**8.27** The rebasing of an index (that is, its conversion from one index reference period to another) is an arithmetic operation that does not affect the rate of price change measured by the series between any two periods. To rebase an index ${I}^{g:t}$
to express it for a new index reference period *g*, all values in the index time series are divided by a constant. This constant ${I}^{g:h}$
is an index for price observation period *h* (which will be the new index reference period) with the initial index reference period *g*. The calculated results are then multiplied by 100 in order to obtain the new rebased index, with index reference period *h* equal to 100.

$${I}^{h:t}=\frac{{I}^{g:t}}{{I}^{g:h}}\times 100$$

(8.3)

Where:

${I}^{h:t}$
is the index for a price observation period *t* with the new index reference period *h*;

${I}^{g:t}$
is the index for a price observation period *t* with the initial index reference period *g*; and

${I}^{g:h}$
is the index for price observation period *h* with the initial index reference period *g*.

**8.28** As an example take the All-items CPI for Canada published with an index reference period 2002=100. An extract of this series is shown in Table 8.1 in the column headed${I}^{2002:t}$
. These indices have been converted into the following two new index reference periods: January 2012=100 and 2012=100. They are presented in Table 8.1 in the columns headed${I}^{Jan2012:t}$
and${I}^{2012:t}$
.

**8.29** To calculate${I}^{Jan2012:t}$
using the original index ${I}^{2002:t}$
the series is divided by the constant${I}^{2002:Jan2012}$
. To calculate ${I}^{2012:t}$
using the original index ${I}^{2002:t}$
the series is divided by the constant${I}^{2002:2012}$
.

Index price observation period t |
${I}^{2002:t}$ | ${I}^{Jan2012:t}$ | ${I}^{2012:t}$ |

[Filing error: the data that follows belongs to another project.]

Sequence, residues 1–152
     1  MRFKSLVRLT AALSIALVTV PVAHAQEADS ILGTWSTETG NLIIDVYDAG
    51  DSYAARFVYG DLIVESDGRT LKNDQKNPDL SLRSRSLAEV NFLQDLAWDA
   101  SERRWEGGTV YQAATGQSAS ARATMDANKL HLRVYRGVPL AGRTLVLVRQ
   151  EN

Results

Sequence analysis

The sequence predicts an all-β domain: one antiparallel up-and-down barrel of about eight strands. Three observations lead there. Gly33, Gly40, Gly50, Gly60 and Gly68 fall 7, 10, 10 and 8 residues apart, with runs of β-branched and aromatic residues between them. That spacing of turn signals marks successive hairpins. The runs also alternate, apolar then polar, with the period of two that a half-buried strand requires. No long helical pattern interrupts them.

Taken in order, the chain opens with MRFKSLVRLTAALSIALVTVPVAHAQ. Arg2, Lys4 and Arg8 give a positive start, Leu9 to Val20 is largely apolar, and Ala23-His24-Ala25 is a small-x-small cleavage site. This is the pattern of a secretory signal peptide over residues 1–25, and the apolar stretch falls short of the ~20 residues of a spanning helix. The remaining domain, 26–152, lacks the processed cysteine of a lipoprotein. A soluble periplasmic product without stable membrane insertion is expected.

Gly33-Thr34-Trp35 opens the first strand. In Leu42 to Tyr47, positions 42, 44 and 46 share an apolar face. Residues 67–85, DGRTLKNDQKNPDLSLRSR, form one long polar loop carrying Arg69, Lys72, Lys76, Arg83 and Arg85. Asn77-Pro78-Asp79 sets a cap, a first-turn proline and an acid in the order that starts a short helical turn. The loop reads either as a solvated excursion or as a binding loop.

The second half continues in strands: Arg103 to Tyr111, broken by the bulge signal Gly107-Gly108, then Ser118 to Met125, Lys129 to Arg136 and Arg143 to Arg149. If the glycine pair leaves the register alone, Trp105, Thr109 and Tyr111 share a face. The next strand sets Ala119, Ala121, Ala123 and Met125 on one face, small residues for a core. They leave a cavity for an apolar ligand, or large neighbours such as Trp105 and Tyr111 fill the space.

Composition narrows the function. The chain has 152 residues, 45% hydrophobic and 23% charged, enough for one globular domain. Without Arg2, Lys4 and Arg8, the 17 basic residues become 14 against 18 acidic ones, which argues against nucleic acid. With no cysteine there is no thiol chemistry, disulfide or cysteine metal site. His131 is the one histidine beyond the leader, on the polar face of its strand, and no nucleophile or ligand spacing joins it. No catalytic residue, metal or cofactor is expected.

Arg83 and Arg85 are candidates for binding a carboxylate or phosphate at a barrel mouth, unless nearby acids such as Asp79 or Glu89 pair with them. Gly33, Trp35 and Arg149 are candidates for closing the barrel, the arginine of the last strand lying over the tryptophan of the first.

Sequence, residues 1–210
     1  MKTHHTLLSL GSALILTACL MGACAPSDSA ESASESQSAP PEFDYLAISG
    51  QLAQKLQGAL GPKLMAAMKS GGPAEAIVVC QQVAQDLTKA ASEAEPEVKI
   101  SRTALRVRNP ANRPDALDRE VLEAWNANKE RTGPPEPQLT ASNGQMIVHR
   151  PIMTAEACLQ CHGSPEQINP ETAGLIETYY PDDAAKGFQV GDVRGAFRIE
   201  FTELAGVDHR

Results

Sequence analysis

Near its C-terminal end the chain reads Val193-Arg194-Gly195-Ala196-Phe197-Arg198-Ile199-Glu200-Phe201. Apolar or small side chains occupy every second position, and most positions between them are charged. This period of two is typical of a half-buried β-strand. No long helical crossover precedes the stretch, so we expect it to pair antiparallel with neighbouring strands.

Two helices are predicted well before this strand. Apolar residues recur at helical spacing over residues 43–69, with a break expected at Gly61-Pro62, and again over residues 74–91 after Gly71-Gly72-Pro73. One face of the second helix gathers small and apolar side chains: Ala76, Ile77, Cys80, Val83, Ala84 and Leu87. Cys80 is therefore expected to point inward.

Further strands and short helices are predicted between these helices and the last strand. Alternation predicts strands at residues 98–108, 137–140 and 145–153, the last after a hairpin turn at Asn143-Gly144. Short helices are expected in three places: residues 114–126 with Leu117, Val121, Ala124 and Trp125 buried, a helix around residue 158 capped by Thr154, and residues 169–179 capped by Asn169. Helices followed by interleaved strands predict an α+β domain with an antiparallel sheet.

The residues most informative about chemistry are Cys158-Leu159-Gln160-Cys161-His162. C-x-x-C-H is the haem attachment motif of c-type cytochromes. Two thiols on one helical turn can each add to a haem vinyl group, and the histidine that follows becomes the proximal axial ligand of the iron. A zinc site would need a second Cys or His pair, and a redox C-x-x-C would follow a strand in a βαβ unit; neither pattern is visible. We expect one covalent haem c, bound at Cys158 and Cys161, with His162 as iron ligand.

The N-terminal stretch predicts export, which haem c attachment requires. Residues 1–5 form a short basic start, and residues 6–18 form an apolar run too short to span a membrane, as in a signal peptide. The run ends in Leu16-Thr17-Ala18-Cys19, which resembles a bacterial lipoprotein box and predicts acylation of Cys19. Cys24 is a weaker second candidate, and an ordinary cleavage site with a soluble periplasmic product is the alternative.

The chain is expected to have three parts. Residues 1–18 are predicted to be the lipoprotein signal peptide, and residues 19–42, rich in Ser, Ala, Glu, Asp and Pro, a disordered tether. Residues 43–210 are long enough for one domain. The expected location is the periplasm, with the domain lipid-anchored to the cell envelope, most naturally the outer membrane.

---|---|---|---|

Jan-12 | 120.7 | 100.0=$\frac{{I}^{2002:Jan2012}}{{I}^{2002:Jan2012}}\times 100=\frac{120.7}{120.7}\times 100$ | 99.2=$\frac{{I}^{2002:Jan2012}}{{I}^{2012:Jan2012}}\times 100=\frac{120.7}{121.7}\times 100$ |

Feb-12 | 121.2 | 100.4 | 99.6 |

Mar-12 | 121.7 | 100.8 | 100.0 |

Apr-12 | 122.2 | 101.2 | 100.4 |

May-12 | 122.1 | 101.2 | 100.3 |

Jun-12 | 121.6 | 100.7 | 99.9 |

Jul-12 | 121.5 | 100.7 | 99.9 |

Aug-12 | 121.8 | 100.9 | 100.1 |

Sep-12 | 122.0 | 101.1 | 100.3 |

Oct-12 | 122.2 | 101.2 | 100.4 |

Nov-12 | 121.9 | 101.0 | 100.2 |

Dec-12 | 121.2 | 100.4 | 99.6 |

2012 average | 121.7 | 100.9 | 100.0 |

Jan-13 | 121.3 | 100.5 | 99.7 |

Feb-13 | 122.7 | 101.7 | 100.8 |

Mar-13 | 122.9 | 101.8 | 101.0 |

Apr-13 | 122.7 | 101.7 | 100.8 |

May-13 | 123.0 | 101.9 | 101.1 |

Jun-13 | 123.0 | 101.9 =$\frac{{I}^{2002:Jun2013}}{{I}^{2002:Jan2012}}\times 100=\frac{123}{120.7}\times 100$ | 101.1=$\frac{{I}^{2002:Jun2013}}{{I}^{2012:Jan2012}}\times 100=\frac{123}{121.7}\times 100$ |

Source: Statistics Canada, CANSIM Table 326-0020. |

**8.30** Since all indices in any given column of Table 8.1 are derived from original indices with an index reference period 2002=100 divided by a constant, the rate of price change in all the rebased series is the same as in the original series. Small differences in percentage changes may result due to rounding when average index values are calculated. It should be noted, however, that differences between index levels, sometimes referred to as differences in index points, vary with the change of the index reference period. Therefore, users who would like to use the CPI for purposes of indexation are advised to use the rate of price change (the percentage change between index values) rather than using the difference in index points.